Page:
0.3.2 Evaluating Detector Limitations

To study the limitations of detectors without arbitrarily guessing which factors may influence such detectors, we design a new metric to find indications of such influences. The idea of our metric is quite simple: examine whether the distribution of erroneous classification rates (i.e., false positives and false negatives) is uniform over the receiving vehicles. If this metric says the distribution is uniform, the detector performance is not dependent on factors that are varied in the simulation, such as which vehicle executes it, or the relative position between the receiving and sending vehicle. On the other hand, if this distribution is extremely skewed, the conclusion is that the detector performance depends a lot on the context of the vehicle. We expect this is the case for many misbehavior detection schemes (and indeed most of the literature just assumes this is true), but it is also valuable information to know where the discrepancies occur. This enables further investigation into the detector’s strengths and weaknesses, and finding a skewed distribution would suggest that combining the results of different mechanisms is the way forward. Note that this is not a qualitative metric: uniformly good or poor error dispersion does not imply that a metric is significantly better or worse, it only suggests whether there is room for improvement.

Given this intuition, we investigated and found a metric for statistical dispersion that is commonly used in sociology and economics to measure income inequality: the Gini coefficient or Gini index GiniCoefficient (), originally defined in 1987 by Dixon et al. The idea can be visualized by sorting people by income in ascending order and then plotting the cumulative fraction of this list against the cumulative income of that group. More formally, the Gini index of a population with mean size and value assigned to individual is defined as:

(1)

The Gini index itself is not novel, nor is the application to quantify errors (see e.g. Eberz2017 ()), but our application of it is slightly different: we propose that it can be used effectively to determine the statistical dispersion in the error rates across vehicles. The reasoning is that computing the overall performance as discussed in the previous section hides localized effects associated with individual vehicles. Thus, if a mechanism has some regions where it performs really well (e.g., a highway), while it performs very poorly in other regions (e.g., urban settings with lots of traffic lights), these effects will be averaged out in the overall performance. If the overall performance is reasonable, one can use the dispersion in the error rates to determine whether this happens both for false positives and for false negatives (the latter being dependent on the attack): the higher the Gini index of these rates, the more differences exist between vehicles. However, if performance is poor overall, the Gini index can still be close to zero (or conversely, be close to 1); the arrays and have the same Gini index of zero. There are at least two main ways to use the result of this metric: 1) investigate the vehicles on either side of the skew and see whether the detector can be improved by changing its’ functionality or 2) investigate whether fusion can be used to exploit low amounts of errors produced by different detectors in different scenarios.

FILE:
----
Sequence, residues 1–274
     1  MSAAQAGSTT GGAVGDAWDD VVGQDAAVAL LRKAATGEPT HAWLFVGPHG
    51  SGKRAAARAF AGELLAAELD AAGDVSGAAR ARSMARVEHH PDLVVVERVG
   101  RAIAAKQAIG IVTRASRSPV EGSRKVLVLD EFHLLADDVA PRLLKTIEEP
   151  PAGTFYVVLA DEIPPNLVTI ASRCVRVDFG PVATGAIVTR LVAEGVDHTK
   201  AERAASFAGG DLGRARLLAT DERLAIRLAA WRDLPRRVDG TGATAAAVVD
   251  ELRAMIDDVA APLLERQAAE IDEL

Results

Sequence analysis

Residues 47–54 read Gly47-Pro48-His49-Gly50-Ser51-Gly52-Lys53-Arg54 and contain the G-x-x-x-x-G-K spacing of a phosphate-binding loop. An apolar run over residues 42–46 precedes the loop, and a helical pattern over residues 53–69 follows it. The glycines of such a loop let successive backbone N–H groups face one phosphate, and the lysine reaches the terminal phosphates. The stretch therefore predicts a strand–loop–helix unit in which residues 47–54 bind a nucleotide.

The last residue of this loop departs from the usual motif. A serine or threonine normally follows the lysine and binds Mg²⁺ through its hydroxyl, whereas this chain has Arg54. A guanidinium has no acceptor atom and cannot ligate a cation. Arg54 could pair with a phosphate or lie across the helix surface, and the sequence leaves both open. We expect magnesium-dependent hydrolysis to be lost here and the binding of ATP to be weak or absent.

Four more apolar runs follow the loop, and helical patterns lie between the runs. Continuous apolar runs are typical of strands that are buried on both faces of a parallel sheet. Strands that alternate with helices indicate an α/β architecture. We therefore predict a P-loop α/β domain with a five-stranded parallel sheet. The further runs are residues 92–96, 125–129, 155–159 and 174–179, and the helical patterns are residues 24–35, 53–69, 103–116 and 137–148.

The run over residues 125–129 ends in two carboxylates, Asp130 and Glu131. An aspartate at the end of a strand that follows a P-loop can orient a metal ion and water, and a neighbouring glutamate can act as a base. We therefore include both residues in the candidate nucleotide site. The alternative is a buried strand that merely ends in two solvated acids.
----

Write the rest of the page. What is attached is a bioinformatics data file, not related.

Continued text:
0.4 Evaluation of Plausibility Detectors

This section shows an application of our dataset and metrics to analyze several data-centric plausibility detectors, which are detectors that verify a received message against data from local sources only. The decisions made by these detectors are practically instant (i.e., they do not depend on other data sources), and it does not generate additional attack vectors that can be used for bad mouthing and similar attacks, as is a risk in trust schemes and consistency mechanisms vanderHeijden-survey (). As plausibility mechanisms are often used as a basis for trust establishment LeinmuellerART (); Raya-INFOCOM-2008 (); SchmidtVEBAS (); Stuebing-Kalman (), we focus on these. We implement detectors in our detection framework Maat12, which is a detection and fusion framework based on subjective logic that we are currently developing. In this work, we compare four: the acceptance range threshold (ART), the sudden appearance warning (SAW), the simple speed check (SSC), and the distance moved verifier (DMV). Of these, the acceptance range threshold is the most well-studied, originally introduced by Leinmüller et al. LeinmuellerART () and later used by others, including Stübing et al. Stuebing-Kalman () and in our earlier work vanderHeijden2016-vtcfall (). It basically uses the expected reception range as a measure for the plausibility of the position included in incoming single-hop beacon messages, which are the most important source of information for VANET applications. The sudden appearance warning was also introduced by Schmidt et al. SchmidtVEBAS (), and is based on the assumption that vehicles will not suddenly appear, but rather always approach from a distance; if a message originates close by with an unknown sender, it is considered malicious. The simple speed check and distance moved verifier were implemented as part of our work on a detection framework, and both examine whether a new beacon confirms information claimed in an older beacon. The simple speed check decides maliciousness based on how the claimed speed relates to the speed implied by the position and time differences between the current and the previous beacon, and the claimed speed in the current beacon. If the deviation exceeds a threshold, this detector classifies the message as malicious (similar to, but much simpler than, a Kalman filter Stuebing-Kalman ()). Finally, the distance moved verifier checks whether the vehicle moved a minimum distance (similar to the way the MDM proposed by Schmidt et al. SchmidtVEBAS ()), and if this distance is too small, the message is considered malicious.